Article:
Density and lightness are the characteristic qualities of Lot D, designed by architects Cédric Petitdidier and Vincent Prioux. With 109 apartments, making it the largest public housing development in the Boucicaut ZAC1, the building articulates around three independent staircases. In total, it offers 24 government-sponsored and 77 rent-controlled apartments (€17.70/sqm), and 8 residential units for people with disabilities. The project is headed by Nexity, appointed project manager by developer CARAC and public housing agency Élogie. Entirely clad in bricks, this project marks the completion of the surrounding ecodristrict, offering a reinterpretation of Paris courtyards that connects Rue des Cévennes with the park that lies in the centre of the district.
REASONED DENSITY The design of the project offering 109 apartments within the Boucicaut ZAC relies on two solutions to lessen the impact of the project’s high density: Stretching across the project is a courtyard, surrounded by four facades (windows open mainly onto kitchens, bedrooms and a few bathrooms), much like traditional Paris courtyards. This space is as much a public space for pedestrians by day as a garden serving each entrance on the lot. Its dimensions and proportions
provide excellent ventilation and allow sunlight to flood the courtyard all day long. The bulk of the programme is contained within the boundaries set by two strips running perpendicular to Rue des Cévennes and materialised by two solid brick buildings, consistent with the area’s architectural vocabulary. The two strips are linked together at both ends by two suspended buildings, one facing the street, the other facing the park, creating clusters of interlocking blocks: the clouds.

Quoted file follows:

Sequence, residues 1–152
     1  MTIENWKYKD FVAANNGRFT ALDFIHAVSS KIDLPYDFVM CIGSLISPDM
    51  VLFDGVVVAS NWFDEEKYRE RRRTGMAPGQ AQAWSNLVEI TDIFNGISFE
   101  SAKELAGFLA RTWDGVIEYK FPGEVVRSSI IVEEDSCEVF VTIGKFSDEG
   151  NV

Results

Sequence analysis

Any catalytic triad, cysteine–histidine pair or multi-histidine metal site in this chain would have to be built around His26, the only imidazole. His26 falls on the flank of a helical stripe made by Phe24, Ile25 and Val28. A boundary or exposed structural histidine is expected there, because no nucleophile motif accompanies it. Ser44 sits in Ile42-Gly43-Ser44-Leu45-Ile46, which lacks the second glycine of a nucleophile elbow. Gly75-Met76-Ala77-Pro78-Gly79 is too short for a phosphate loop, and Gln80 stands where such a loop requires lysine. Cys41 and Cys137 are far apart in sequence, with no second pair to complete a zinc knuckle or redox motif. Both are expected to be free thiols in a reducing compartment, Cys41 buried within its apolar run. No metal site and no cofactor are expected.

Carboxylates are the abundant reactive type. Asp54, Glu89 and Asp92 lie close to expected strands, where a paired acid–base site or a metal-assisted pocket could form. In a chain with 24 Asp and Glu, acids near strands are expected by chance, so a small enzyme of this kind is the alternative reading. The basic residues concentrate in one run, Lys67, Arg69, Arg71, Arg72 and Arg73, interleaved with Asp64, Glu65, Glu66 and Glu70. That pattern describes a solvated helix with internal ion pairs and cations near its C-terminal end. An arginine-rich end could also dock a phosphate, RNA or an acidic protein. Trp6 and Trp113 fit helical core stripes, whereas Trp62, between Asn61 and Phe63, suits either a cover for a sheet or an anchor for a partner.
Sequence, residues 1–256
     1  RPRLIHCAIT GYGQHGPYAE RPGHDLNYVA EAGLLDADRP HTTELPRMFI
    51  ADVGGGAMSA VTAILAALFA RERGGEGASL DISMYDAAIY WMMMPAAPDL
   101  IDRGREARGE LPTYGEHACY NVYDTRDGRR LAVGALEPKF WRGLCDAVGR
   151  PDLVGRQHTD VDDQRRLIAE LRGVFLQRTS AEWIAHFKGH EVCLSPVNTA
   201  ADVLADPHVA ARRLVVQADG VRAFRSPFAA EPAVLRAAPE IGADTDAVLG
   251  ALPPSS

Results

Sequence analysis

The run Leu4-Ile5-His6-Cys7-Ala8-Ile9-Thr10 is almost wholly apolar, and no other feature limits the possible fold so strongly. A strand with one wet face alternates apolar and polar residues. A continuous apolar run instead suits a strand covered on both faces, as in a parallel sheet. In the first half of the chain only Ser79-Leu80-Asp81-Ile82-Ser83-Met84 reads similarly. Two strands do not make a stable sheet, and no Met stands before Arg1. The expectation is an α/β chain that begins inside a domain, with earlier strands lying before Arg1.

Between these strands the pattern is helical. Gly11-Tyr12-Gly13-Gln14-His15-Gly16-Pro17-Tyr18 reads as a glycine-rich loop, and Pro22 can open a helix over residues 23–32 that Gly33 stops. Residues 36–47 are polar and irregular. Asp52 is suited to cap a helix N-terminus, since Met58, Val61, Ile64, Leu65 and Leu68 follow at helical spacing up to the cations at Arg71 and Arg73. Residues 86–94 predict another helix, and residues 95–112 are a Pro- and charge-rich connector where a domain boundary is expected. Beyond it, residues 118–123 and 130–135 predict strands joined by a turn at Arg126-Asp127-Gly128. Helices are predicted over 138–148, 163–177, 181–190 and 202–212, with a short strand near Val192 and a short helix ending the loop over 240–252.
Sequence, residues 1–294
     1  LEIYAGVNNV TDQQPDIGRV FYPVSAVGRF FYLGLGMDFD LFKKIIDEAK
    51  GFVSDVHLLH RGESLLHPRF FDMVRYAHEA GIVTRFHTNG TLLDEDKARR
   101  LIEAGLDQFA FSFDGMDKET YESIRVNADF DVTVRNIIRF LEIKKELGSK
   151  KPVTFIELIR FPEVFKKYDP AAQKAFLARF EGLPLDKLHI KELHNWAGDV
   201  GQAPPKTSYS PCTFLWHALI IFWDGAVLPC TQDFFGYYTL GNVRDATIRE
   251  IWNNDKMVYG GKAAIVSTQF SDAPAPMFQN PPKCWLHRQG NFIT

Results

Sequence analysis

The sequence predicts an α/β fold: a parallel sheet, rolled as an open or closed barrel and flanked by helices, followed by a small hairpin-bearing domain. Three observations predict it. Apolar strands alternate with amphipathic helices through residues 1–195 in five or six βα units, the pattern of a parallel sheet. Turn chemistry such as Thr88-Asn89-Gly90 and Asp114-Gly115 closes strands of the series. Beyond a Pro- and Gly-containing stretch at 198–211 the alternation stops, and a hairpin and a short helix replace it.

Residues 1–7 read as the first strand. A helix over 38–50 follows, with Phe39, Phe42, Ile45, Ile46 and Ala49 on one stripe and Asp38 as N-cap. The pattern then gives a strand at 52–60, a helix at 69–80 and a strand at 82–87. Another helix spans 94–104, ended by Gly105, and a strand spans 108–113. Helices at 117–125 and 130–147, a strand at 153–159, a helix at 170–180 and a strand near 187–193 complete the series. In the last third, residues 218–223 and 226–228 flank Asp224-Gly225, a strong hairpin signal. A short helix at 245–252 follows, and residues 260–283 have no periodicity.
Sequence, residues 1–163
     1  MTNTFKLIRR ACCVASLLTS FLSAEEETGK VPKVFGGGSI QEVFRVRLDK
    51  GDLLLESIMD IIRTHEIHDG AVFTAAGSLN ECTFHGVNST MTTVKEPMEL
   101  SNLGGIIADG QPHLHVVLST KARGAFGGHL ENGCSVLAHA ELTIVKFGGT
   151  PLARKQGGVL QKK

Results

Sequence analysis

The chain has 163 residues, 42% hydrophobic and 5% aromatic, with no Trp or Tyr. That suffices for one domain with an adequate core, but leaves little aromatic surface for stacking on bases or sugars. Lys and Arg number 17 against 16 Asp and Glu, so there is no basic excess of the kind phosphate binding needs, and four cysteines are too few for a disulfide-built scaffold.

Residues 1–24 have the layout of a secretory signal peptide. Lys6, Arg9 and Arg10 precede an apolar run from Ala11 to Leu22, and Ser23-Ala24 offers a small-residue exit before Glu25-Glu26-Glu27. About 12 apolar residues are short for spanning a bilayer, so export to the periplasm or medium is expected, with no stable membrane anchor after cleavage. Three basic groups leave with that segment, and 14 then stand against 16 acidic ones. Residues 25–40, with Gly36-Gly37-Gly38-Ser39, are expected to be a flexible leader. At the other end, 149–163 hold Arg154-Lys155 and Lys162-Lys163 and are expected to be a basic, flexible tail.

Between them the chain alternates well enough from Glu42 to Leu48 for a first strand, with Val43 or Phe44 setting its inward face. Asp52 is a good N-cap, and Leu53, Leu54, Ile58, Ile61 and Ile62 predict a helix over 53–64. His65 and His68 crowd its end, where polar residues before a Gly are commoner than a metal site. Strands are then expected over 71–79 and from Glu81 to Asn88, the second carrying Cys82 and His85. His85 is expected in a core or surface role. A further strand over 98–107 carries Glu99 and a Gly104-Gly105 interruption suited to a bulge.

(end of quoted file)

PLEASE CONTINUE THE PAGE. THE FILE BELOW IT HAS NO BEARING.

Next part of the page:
LOGGIAS,TERRACES The distribution of the apartments inside the strip and cloud buildings gives them distinct and specific qualities, particularly evidenced by their exteriors: The strip buildings are designed strictly as orthogonal shapes, each delineating a frame enclosing the apartments and their adjoining loggias or running balconies overlooking Rue des Cévennes. The rectangular layout means all corners can be used, (including those on the courtyard’s side), providing a large number of apartments with adequate visibility and orientation. By designing the exteriors based on each apartment’s location within the building and by favouring dual-aspect floor plans, the project demonstrates that it is possible to reconcile access to views with orientation and space planning concerns in a highly populated urban context. Strategically placed in proximity to the four inside corners of the courtyard, the vertical accesses deliver simple circulation, and receive natural light on the higher floors.
ENVIRONMENTAL APPROACH In addition to the programme’s social dimension, the whole concept was also shaped by a strong concern for environmental issues. Sustainable development, biodiversity, social and generational mix are key values within this new district. A number of innovating solutions have been implemented to help reduce energy consumption. For instance, the buildings’ bioclimatic design required all residential spaces to be oriented based on the direction of sunlight.
High-performance insulation and solar protection on the facades deliver greater comfort inside the apartments. And about 50% of the district’s needs in hot water is supplied by solar thermal panels fitted on the buildings’ roofs.
TO ZOOM ON BRICKS Urbanists and architects alike wanted to echo the old hospital’s entrance that still stands behind the programme. The walls were clad with ochre and yellow bricks, framed by cornerstones and stone elements and underlined by darker, red brick cornices, giving it a more institutional look. In order to echo the old hospital without imitating it, the shade of the façade was rendered by the use of several different-coloured bricks: sand (40%) and flamed sand (40%) for
the bulk of the façade – bringing a slightly golden hue that changes with light –, 10% brown and the rest in red. During construction, the four shades of bricks were laid with regularity and harmony, according to a pattern where the darker bricks highlight the general shade of the façade.
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